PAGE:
December 23, 2015 By Joseph P. Farrell

Mr. K.L. found this fascinating article regarding the discovery of Roman artifacts near the celebrated Oak Island site, long reputed to have contained a lost Templar treasure:

Sword and shipwreck discovered in Oak Island, Nova Scotia suggest Roman mariners visited New World thousands of years before Columbus

The intriguing thing in this article is not so much the discovery of a Roman-era sword, but rather, the linguistic evidence of the language of the local Mi'kmaq tribe:

In an attempt to dismiss skeptics, who may suggest the artifact had simply fallen off the side of a boat in more recent times, Pultizer and his team have dug up numerous other pieces of evidence to support the theory that the Romans made it to the New World more than 1,000 years before Christopher Columbus. These include:

  • Petroglyphs carved on cave walls and boulders in Nova Scotia by the indigenous Mi'kmaq people, which depict what Pulitzer's team believe to be Roman soldiers marching with their swords, and Roman ships.
  • Fifty words in the Mi'kmaq language that are nautical terms used by mariners from Roman times.
  • An invasive species of plant (Berberis Vulgaris) growing on Oak Island and in Halifax, which was once used by Romans to season their food and prevent scurvy on their voyages.
  • A Roman legionnaire's whistle found on Oak Island in 1901
  • A metal 'boss' from the center of a Roman shield found in Nova Scotia in the mid-1800s
  • Gold Roman Carthage coins found on the mainland near Oak Island
  • Two carved stones on Oak Island that Pulitzer says displays a language from the ancient Levant.

All this poses a significant question, and that in turn prompts some (very) high octane speculation. The Roman empire, right up the the final fall of its eastern half in 1453, carried on trade with the Orient, and thus, any trade or expeditions it might have mounted to the New World should have convinced it that it was not dealing with India or China, its standard trading partners for long distance trade. And the Roman Empire, like all empires, kept meticulous records. The problem and question posed is thus, what happened to that knowledge and those records? Why did the European post-Roman world "lose" that knowledge? Or, to pose the same question somewhat differently, why was that knowledge suppressed?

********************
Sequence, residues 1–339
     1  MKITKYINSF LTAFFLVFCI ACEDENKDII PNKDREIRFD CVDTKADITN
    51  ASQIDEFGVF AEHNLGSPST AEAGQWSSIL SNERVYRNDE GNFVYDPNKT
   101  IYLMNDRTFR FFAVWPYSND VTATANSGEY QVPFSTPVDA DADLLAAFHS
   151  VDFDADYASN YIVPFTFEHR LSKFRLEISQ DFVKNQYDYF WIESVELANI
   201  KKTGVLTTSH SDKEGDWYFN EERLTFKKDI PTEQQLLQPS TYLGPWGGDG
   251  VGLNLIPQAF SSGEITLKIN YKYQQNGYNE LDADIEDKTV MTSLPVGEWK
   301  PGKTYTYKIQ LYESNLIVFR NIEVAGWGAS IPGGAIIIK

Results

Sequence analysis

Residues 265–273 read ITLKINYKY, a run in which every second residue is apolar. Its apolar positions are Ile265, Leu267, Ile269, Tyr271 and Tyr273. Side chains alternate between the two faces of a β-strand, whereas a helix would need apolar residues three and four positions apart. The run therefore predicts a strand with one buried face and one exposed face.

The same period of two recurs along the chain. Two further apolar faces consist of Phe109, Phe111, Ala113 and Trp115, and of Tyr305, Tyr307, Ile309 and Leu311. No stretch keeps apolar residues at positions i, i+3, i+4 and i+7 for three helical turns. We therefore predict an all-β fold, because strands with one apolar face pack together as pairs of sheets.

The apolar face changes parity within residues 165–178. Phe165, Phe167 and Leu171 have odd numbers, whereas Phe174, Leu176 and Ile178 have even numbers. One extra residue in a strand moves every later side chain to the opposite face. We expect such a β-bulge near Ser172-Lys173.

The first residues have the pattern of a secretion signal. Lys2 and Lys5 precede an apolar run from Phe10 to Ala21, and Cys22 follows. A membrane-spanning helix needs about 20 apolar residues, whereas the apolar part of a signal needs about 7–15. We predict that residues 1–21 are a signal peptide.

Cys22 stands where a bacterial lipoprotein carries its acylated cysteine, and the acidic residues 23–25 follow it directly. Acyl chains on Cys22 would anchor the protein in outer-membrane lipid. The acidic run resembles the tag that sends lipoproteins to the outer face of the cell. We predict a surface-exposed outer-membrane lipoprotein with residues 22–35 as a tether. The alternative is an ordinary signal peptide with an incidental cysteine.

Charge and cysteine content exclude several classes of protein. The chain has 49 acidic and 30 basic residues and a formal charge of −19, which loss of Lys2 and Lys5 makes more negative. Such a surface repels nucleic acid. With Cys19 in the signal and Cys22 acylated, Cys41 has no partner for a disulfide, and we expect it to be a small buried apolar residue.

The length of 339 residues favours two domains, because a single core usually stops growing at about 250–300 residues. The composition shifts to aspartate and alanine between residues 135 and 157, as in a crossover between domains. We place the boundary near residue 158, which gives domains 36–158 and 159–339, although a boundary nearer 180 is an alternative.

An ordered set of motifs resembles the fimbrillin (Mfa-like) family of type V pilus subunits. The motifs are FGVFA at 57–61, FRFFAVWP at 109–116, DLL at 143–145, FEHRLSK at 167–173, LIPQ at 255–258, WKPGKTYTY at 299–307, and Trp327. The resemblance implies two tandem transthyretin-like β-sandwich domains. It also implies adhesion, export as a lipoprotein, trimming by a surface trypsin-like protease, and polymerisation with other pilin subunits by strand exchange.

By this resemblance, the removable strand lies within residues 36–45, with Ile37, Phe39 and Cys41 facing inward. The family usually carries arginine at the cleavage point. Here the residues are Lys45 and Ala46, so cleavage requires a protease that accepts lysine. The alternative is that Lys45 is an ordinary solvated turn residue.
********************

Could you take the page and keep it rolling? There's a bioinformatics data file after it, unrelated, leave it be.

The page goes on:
In my various books I have speculated on two possible answers to that question. The first was that this knowledge may have been preserved by the Eastern Roman Empire based in Constantinople, and preserved (and suppressed) in its imperial archives. There is a certain degree of evidence for this, given that the Turkish Admiral Piri Reis compiled his famous map showing the new world, with probable help from whatever materials he was able to access in the old Byzantine imperial archives. Byzantium would have sought to suppress such information as long as possible, to continue its favored position astride the east-west trade, from which its revenues and, for the day, luxurious standard of living derived.

The second possibility that I have suggested is that some of this knowledge may have also remained in whatever archives remained in the Old Rome, and ended up in the archives of the Bishop of Rome. And again, there is some evidence to suggest this possibility that I reviewed in Thrice Great Hermnetic and the Janus Age, with the possibility that Columbus' now celebrated voyage of discovery was a staged affair, a bit of theater, a voyage of "revelation" rather than discovery.

Whatever one makes of my high octane speculations in this regard, the bottom line remains: what we have assumed to be history in this respect must be questions and eventually re-written. Indeed, some scholars have pointed out that China, too, undertook voyages to the New World, perhaps as early as the era of the Venetian spy and explorer Marco Polo if not even before that, for recall that Polo's "journey to Japan," as the standards historiography interprets his remarks, took an entire year, which, as I pointed out in Thrice Great Hermetica, raises the more probable possibility that he journeyed with a Chinese expedition to the New World. This raises yet another high octane speculative possibility: was the "rush to explore" the New World a manifestation of a competition between the Orient and the Occident to see who could get there first, with the most, and exploit and expand? Or was another agenda possibly driving this exploration, such as the search for lost antiquities? or some mixture of both perhaps?

Time, and research, and more such discoveries, will tell.

See you on the flip side...